Hearing, this morning, or was it in the middle of the night, of the revelation of some long-past incident involving the Prime Minister, I was reminded of the great song from The Mikado:

      “Our great Mikado virtuous man,
      “When he to rule our land began,
      “Resolved to try
      “A plan whereby
      “Young men might best be steadied.
      “So he decreed, in words succinct,
      “That all who flirted, leered or winked
      “(Unless connubially linked),
      “Should forthwith be beheaded.

      “This stern decree, you’ll understand,
      “Caused great dismay throughout the land!
      “For young and old
      “And shy and bold
      “Were equally affected.
      “The youth who winked a roving eye,
      “Or breathed a non-connubial sigh,
      “Was thereupon condemned to die–
      “He usually objected.”

      The rest of the opera, as you know, is concerned with how the officials of Titipu manage this problem. But, what am I saying?, The Mikado should obviously be banned because it could be seen as a racist slur making fun of the Japanese. Shame on you, W. S. Gilbert and Sir Arthur Sullivan!

      Tom

    • SethBlog Says:

      Thanks Janice! In lieu of forcefulness (not my natural aptitude), I will attempt to be frequent in countering the currently assumed truth that art must be judged by the follies of its artists.

    • SethBlog Says:

      Thank you, Anita.

      That’s an interesting distinction. I understand that infamy may be a draw for mass murderers, and so I think it would be worth looking into whether it would be effective (and feasible) to restrict the publication of the names of such criminals, so as to reduce the incentive for such evil deeds.

    • Tarrin Says:

      This might be off-topic, sorry.

      I like the idea of concealing the artist, and freeing the art to stand on it’s own merits.

      I’ve always shied away from signing paintings because I found it a little ostentatious, but now I feel more secure in this aversion.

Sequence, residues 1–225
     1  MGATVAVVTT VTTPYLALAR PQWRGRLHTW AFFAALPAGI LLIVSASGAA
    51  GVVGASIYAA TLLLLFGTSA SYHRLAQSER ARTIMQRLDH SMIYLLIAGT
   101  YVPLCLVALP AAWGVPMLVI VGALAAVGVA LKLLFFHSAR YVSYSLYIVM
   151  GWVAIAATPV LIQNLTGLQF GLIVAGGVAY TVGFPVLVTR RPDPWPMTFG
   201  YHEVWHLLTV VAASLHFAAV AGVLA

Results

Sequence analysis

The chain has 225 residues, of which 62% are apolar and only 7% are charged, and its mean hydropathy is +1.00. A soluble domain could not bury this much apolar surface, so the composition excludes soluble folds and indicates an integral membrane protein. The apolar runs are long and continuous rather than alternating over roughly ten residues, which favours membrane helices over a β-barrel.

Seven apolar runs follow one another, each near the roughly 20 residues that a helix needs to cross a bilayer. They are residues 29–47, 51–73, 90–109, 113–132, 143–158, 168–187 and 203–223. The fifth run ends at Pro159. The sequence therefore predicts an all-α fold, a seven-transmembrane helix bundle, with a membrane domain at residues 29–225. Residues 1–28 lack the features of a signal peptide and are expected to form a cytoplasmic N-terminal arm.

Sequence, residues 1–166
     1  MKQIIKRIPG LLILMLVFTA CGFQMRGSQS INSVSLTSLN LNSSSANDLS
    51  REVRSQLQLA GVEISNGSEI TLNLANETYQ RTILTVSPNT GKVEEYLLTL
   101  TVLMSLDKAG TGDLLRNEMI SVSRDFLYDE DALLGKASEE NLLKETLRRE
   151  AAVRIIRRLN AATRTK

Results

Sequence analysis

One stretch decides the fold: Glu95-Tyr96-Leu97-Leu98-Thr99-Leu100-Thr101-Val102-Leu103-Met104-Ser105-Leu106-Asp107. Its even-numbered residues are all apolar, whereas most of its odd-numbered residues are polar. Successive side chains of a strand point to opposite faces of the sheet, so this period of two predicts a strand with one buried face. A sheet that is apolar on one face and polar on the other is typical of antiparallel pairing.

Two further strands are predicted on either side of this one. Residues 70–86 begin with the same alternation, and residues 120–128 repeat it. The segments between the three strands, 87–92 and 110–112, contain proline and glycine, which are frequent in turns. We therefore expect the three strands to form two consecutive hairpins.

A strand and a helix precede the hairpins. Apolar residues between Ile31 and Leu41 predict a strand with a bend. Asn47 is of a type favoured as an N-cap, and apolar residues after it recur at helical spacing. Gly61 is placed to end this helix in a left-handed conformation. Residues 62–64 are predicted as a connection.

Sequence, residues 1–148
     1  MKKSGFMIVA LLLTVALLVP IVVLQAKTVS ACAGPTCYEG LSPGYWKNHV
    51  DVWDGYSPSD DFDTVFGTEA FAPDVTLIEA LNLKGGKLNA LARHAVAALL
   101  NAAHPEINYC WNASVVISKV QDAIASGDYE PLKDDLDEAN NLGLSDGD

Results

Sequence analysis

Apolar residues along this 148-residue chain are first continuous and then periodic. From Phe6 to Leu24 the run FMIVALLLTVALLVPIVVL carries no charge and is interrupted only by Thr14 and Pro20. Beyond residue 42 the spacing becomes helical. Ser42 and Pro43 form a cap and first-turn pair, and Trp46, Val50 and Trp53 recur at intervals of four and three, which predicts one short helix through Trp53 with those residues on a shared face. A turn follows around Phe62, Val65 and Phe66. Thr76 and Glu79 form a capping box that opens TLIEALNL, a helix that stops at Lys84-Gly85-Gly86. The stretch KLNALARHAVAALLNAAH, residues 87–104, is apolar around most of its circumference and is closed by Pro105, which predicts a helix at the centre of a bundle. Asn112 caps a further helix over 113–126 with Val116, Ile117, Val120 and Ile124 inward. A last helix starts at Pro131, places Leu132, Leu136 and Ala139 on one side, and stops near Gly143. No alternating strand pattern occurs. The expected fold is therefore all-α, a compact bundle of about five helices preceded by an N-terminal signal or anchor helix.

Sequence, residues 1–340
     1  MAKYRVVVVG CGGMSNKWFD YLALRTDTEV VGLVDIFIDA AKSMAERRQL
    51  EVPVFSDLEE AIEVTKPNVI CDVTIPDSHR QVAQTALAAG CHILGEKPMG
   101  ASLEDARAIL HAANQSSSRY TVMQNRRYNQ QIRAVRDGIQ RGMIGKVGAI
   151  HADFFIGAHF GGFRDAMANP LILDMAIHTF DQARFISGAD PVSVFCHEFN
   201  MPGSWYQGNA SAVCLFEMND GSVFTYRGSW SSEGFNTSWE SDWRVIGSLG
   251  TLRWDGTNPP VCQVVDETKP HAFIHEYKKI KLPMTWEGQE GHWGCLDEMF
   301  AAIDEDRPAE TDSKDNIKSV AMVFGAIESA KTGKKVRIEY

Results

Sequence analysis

• SethBlog Says:

      Thank you, Tom for that entertaining (and musical) read. Sorry about the sound issue on the video (sound quality has been my nemesis throughout my first youtube upload process). I intend to learn from my mistakes next time. In the meantime, I have re-uploaded the video with better sound from the CBCers.

      Your critique of “breathless” Tom Power rings true to my irritation. I think he is probably more interesting than he lets on (or, at least, when he speaks with another musician, I find him suddenly capable of demonstrating a smidge of nuance and humour), but I think his need to always have the progressively correct perspective causes him to seem vapid the rest of the time.

      Thank you for the list of canonized artistic stars who could be exiled from consideration along with Roseanne if the puritanical correctness isn’t countered.

      And your quoting of Gilbert & Sullivan’s Mikado as a demonstration of the problem with such over-moralizing, while you simultaneously accuse their satirical production of failing morality brought a grin to my face. 🙂

    • SethBlog Says:

      Thanks Tarrin. An excellent retroactive justification for your artistic shyness. Somehow, I think our friend Oscar Wilde—who, upon arriving in America, had “nothing to declare except his genius”—did not intend for the artist to lose all credit for their art. 😉